AUSTRALIAN sheep producers have flocked to implement the early findings of a national lambing density project, but more collaborators are needed for the latest on-farm phase in the crucial lamb survival research.
And free tickets are being offered to the BestWool BestLamb Conference at Bendigo on June 27-28 for farmers prepared to complete a lambing density and survival survey or by participating in on-farm trials.
In the lambing density project, Australian Wool Innovation and Meat & Livestock Australia, with collaborators in each state, are examining the effect of lambing ewe mob size and stocking density to lift survival and weaning rates.
A survey of sheep producers in Victoria showed that for each additional 100 twin-bearing ewes in the mob at lambing, lamb survival decreased on average by 8 percent. The strongest effect was among twin-lamb bearing Merino ewes.
Researchers completed work on 22 of a required 70 individual project sites last year, on commercial wool growing and prime lamb properties across Western Australia, Victoria, South Australia and New South Wales. The “two-by-two” on-farm trials involve high and lower size lambing mobs at high and lower stocking rates.
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At a Merino sheep field day at Freshwater Creek this week, consultant Jason Trompf said work with graduates of the ‘Lambs Alive’ pilot workshops has shown many are already reducing their twinning ewe mob sizes significantly, in some cases from 200 to 130 ewes or less.
“Even with the sites that we have completed and the background survey work, we can already hold our hand on our heart and say that mob size has a significant effect on twin lamb survival and it’s in the order of an extra 10 percent more lambs marked per 100 twinning ewes less in a mob.”
However, difficult season conditions in South Australia and Western Australia have forced some sheep producers to drop out of the project’s on-farm trials. Due to poor follow-up rains to good summer rain, several of the project’s WA collaborating producers have had to consider lambing ewes in feedlots or on self-feeders, which meant their production conditions were unsuitable for the research’s grazing paddock-based and mob behaviour protocol.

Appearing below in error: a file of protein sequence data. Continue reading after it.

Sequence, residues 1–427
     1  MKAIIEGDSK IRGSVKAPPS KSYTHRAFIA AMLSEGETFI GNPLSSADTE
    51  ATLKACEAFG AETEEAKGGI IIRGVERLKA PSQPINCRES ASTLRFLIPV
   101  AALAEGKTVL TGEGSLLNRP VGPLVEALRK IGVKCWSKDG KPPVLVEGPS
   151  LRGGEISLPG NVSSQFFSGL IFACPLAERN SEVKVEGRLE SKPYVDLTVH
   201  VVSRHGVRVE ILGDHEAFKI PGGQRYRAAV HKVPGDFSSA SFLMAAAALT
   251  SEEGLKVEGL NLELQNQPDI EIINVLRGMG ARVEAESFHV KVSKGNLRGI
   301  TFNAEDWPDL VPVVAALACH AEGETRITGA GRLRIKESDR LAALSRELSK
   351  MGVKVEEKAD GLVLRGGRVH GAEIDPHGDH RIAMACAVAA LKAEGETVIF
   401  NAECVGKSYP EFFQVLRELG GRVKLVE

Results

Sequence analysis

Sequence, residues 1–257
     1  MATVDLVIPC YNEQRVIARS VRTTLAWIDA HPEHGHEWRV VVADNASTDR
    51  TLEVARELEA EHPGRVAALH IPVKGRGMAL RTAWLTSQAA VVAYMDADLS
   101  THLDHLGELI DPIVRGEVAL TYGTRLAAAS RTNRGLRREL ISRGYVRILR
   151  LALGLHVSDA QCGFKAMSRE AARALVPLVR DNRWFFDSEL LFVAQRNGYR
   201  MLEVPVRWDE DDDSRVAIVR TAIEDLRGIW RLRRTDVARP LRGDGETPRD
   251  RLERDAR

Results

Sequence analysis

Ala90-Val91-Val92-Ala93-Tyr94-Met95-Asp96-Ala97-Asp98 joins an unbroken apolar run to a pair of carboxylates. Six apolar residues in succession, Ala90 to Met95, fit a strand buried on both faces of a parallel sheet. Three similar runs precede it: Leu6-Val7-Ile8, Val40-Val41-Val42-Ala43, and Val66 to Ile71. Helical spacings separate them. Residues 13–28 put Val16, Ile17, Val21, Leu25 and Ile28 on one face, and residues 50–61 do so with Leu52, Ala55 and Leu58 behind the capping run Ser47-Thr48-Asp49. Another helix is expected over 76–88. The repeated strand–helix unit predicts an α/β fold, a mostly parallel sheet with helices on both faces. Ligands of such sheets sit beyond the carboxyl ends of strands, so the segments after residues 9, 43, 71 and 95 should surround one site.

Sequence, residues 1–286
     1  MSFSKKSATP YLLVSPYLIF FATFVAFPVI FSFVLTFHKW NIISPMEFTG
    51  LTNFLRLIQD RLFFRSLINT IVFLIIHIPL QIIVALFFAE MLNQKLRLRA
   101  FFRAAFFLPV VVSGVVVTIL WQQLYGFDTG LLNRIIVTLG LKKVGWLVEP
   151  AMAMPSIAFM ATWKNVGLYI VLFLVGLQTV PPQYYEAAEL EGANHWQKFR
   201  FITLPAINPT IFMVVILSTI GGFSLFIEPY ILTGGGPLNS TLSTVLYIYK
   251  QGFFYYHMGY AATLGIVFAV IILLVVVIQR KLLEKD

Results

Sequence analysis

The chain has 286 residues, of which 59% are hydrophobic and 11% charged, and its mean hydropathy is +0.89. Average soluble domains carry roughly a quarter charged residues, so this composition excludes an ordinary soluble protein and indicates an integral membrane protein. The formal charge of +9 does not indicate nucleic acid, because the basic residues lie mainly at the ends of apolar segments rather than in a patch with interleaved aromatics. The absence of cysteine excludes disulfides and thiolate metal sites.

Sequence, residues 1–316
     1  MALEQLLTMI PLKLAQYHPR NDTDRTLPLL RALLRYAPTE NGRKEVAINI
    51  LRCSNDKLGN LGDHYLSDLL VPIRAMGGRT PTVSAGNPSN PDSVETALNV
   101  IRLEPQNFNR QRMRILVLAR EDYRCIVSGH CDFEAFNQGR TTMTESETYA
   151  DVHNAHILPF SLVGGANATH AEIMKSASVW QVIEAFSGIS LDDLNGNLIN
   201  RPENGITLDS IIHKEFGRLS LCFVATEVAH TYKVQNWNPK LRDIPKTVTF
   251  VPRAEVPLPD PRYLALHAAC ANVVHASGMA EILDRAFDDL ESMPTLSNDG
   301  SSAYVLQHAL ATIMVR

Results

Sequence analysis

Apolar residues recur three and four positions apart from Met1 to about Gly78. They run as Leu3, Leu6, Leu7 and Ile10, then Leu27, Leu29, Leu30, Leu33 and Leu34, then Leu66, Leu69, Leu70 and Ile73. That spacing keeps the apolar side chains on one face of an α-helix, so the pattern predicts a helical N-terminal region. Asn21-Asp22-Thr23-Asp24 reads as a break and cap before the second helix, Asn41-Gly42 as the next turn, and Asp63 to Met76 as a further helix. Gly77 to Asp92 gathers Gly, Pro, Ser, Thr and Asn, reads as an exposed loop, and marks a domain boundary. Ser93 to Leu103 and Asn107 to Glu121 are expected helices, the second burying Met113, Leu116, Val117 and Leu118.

Agriculture Victoria’s BestWool BestLamb Network project leader Lyndon Kubeil said Western Australia had 18 sites organised for the project this year, but this has fallen to about 10, meaning more were needed from any state.
“We’ll be looking for sites across Australia; anyone who is keen to be involved should contact us and we look forward to working with them.”
Mr Kubeil said producers can participate in the lambing density research by completing a survey or by nominating their property for on-farm trials. About 50 producers have already taken up the free ticket offer out of 100 BWBL tickets available.
“By this time last year we had sold 150 tickets to the conference, this year we have already sold 270 tickets.
“I want to cap conference attendance at 350, so if anyone wants to get a free ticket by submitting their lambing data, they need to get in fast.”
Producers don’t necessarily have to take up the offer of a free conference ticket to submit their lambing data, he said.
Mr Kubeil said the early uptake of the lambing density work to date has been one of the biggest quickest on-farm changes he has seen occur on sheep properties.
“It is such a simple thing to do; it is something that you can do with a bit of thought and not a lot of capital input.”
Key collaborators and co-investors in the lambing density and survival initiative include Murdoch University, Agriculture Victoria, University of Adelaide, NSW Department of Primary Industries, Elders and Landmark.
For more information on the lambing density project contact Lyndon Kubeil on (03) 5761 1649.
To register for the BestWool BestLamb Conference online and check for further conference program updates go to: Eventbrite: 2017 BWBL Conference registration
If you would prefer to pay by cheque please contact Cathy Mulligan for a registration form
on (03) 5258 0229 or email: firstname.lastname@example.org
Click here to see the 2017 BestWool BestLamb Conference program.